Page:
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Supply Chain Management - Portuguese Tuna Industry

Supply Chain Management - Portuguese Tuna Industry

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Published by Carlos Ferreira

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Published by: Carlos Ferreira on Apr 12, 2009
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Sustainable Competitive Advantagethrough an effectiveSupply Chain Management:The case of canned Tuna in Portugal
Prepared for Module CB9011“Supply Chain Management” 
byCarlos FerreiraSubmitted on the 3
April, 2009
The canned tuna industry has long been one of the key players of the Portuguesefood industry. Portugal, a country with a large fishing area, was for a time at the beginning ofthe 20
century one of the largest canned tuna producers in the world, and maintains animportant presence in this market worldwide. However, this industry faces many problemsthat could jeopardise its ability to exist in the future, including commoditisation of itsproducts, diminishing margins and profits along supply chains, environmental concerns – including depletion of the base resource – and loss of market share to substitutes in themarket.In this report, we start by analysing the canned tuna production industry in Portugal,identifying some of the problems that affect it and some of the challenges that the futuremight bring. Part two of the report analyses the failures of the industry to cope with thosechallenges, from a Supply Chain Management point of view. In part three, we present thecase for Supply Chain Management as a strategic weapon that should deployed by theindustry in order to overcome those problems and prepare for the future, while obtainingprofits for players engaged and delivering value to the costumer.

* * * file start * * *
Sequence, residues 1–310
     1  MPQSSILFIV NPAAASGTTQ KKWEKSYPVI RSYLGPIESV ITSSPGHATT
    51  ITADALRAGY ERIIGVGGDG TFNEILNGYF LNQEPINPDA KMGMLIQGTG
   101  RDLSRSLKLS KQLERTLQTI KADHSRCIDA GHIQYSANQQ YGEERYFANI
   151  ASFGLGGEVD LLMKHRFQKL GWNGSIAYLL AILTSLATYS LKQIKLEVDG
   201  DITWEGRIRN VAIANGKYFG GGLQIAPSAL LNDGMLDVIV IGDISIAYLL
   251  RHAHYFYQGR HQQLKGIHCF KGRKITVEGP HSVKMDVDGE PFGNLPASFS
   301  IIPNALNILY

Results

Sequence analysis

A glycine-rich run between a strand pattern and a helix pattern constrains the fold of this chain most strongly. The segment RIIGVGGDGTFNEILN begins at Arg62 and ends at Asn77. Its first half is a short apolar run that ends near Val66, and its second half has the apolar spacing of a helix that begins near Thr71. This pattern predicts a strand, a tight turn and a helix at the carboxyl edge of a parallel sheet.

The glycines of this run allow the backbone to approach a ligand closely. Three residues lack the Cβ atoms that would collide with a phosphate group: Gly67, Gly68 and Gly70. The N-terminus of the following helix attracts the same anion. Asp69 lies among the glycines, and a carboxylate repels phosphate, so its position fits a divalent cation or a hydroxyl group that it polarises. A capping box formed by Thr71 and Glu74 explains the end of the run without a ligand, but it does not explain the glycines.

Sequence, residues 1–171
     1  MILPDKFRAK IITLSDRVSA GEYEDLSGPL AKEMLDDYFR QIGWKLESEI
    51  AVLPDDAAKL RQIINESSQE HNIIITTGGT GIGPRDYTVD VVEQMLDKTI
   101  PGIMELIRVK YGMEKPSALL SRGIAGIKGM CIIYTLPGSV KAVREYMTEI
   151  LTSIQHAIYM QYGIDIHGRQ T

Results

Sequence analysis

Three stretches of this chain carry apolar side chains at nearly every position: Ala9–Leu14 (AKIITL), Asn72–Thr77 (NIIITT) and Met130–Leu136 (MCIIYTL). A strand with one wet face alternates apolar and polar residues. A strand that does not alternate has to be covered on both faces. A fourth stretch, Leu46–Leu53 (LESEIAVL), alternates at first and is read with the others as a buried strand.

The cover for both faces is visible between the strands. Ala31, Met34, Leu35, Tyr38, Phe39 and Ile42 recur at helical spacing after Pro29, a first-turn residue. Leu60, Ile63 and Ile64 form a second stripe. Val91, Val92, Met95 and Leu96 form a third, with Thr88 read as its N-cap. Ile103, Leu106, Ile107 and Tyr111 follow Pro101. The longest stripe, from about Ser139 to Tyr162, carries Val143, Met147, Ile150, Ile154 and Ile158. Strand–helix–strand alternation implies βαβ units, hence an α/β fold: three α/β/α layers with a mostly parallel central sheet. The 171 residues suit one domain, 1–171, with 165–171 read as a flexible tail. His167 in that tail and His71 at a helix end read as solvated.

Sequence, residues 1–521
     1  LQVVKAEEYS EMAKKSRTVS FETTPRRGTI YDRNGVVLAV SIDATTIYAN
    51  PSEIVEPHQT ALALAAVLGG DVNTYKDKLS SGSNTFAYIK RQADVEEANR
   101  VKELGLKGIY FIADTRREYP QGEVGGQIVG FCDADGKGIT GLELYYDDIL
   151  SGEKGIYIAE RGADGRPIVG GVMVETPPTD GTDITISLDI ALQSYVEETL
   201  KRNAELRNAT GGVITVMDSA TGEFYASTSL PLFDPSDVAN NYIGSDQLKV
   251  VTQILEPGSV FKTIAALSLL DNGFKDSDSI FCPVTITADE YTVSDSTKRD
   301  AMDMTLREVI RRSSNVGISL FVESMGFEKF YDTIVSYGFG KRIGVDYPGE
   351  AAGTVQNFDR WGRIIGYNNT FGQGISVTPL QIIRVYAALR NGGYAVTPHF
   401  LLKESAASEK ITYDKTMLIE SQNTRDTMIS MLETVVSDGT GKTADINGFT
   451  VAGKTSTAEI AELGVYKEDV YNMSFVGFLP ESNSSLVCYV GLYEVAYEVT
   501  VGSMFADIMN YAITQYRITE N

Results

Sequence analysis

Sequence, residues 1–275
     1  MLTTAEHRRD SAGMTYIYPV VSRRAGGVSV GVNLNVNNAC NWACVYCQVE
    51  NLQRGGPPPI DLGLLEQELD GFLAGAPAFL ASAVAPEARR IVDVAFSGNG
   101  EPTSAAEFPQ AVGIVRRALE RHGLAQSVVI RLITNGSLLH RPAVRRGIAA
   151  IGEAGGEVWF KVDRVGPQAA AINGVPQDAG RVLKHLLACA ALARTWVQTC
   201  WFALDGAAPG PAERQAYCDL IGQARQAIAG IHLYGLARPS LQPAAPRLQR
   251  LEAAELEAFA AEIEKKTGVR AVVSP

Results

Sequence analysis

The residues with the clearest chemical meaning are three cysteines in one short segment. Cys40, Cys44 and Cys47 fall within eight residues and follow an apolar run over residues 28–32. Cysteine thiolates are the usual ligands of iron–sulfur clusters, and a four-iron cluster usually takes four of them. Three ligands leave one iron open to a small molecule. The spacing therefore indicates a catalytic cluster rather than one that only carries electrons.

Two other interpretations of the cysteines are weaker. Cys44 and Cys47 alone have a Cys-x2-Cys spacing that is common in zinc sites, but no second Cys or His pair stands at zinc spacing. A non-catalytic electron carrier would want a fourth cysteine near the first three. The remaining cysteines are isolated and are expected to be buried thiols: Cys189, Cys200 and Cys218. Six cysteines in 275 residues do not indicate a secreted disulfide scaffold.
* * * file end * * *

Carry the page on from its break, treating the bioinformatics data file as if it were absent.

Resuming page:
I. The long descent: present problems and future challenges
Tuna has long been one of the most important fisheries in Mediterranean-likecountries, such as Portugal. A staple food for centuries (since the Phoenician Civilization, atleast), tuna provided an important source of protein intake for seaside populations, so it wasonly natural that, at the end of the 19
century, in the Southernmost part of Portugal – Algarve, close to the Mediterranean Sea – the budding industrialization would result in tuna(plentiful, affordable and demanded) being processed, canned and sold, both in the internalmarket and abroad. Success was immediate, and the industry quickly expanded capacity, inwhat it was accompanied by the fishing industry, continuously improving catchmentmethods.In the early 20
century, a time of extensive population growth and migration to cities,canned tuna was not only important for nutritional reasons; availability of conservationequipments (such as refrigerators and the like) was null, so food had to be processed orconsumed in a short period after purchase. In contrast, canned tuna was a ready-made,affordable source of protein that could be carried or kept for a long time – indeed, its longshelf time is, arguably, one of its most important advantages. Not only did it provide areasaway from the sea with a variety of food (fish) that is notoriously prone to losing qualityquickly after being harvested, it also increased the pace of industrialization, generatedseveral hundreds of jobs in fisheries and in processing, and created a source of revenuefrom exports.The result was booming demand and falling prices. Three factors conspired to curtailthe success of this industry: environmental problems, growing competition from substitutesand commoditisation. Later, as consumer awareness of health issues became moreprominent, a fourth factor, food security and traceability, became a relevant issue as well.
I.a. Environmental problems and the Sustainability issue
Tuna fishery, like most fisheries, is a remnant of Humanity's past as hunter-gatherer:existing wild resources are extracted with little or no management (Grimond, 2009). In thecase of tuna, this problem is compounded by the open-access regime of the waters wheretuna is found. In these situations, cost of extraction of fish rather increases as the availablestock increases (Perman et al, 2003); consequently, fishermen are forced to either sell the

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